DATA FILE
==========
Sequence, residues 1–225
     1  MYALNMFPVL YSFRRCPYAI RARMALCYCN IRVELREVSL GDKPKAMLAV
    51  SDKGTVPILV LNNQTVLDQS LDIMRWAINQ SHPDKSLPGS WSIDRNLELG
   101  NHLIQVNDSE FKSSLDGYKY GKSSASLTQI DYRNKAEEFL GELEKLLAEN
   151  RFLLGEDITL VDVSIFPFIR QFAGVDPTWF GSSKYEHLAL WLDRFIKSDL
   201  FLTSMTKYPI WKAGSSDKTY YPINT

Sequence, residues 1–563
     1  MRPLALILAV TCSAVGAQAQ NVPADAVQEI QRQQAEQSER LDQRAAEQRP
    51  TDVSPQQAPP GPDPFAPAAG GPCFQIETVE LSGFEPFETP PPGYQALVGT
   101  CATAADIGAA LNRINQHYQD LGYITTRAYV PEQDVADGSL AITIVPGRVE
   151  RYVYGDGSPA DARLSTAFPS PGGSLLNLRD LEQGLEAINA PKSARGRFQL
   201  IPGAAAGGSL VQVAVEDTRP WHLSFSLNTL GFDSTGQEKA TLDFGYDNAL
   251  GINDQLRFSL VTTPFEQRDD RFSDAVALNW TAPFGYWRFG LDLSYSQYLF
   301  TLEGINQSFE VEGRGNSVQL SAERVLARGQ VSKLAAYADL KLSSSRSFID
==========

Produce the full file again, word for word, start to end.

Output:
Sequence, residues 1–225
     1  MYALNMFPVL YSFRRCPYAI RARMALCYCN IRVELREVSL GDKPKAMLAV
    51  SDKGTVPILV LNNQTVLDQS LDIMRWAINQ SHPDKSLPGS WSIDRNLELG
   101  NHLIQVNDSE FKSSLDGYKY GKSSASLTQI DYRNKAEEFL GELEKLLAEN
   151  RFLLGEDITL VDVSIFPFIR QFAGVDPTWF GSSKYEHLAL WLDRFIKSDL
   201  FLTSMTKYPI WKAGSSDKTY YPINT

Sequence, residues 1–563
     1  MRPLALILAV TCSAVGAQAQ NVPADAVQEI QRQQAEQSER LDQRAAEQRP
    51  TDVSPQQAPP GPDPFAPAAG GPCFQIETVE LSGFEPFETP PPGYQALVGT
   101  CATAADIGAA LNRINQHYQD LGYITTRAYV PEQDVADGSL AITIVPGRVE
   151  RYVYGDGSPA DARLSTAFPS PGGSLLNLRD LEQGLEAINA PKSARGRFQL
   201  IPGAAAGGSL VQVAVEDTRP WHLSFSLNTL GFDSTGQEKA TLDFGYDNAL
   251  GINDQLRFSL VTTPFEQRDD RFSDAVALNW TAPFGYWRFG LDLSYSQYLF
   301  TLEGINQSFE VEGRGNSVQL SAERVLARGQ VSKLAAYADL KLSSSRSFID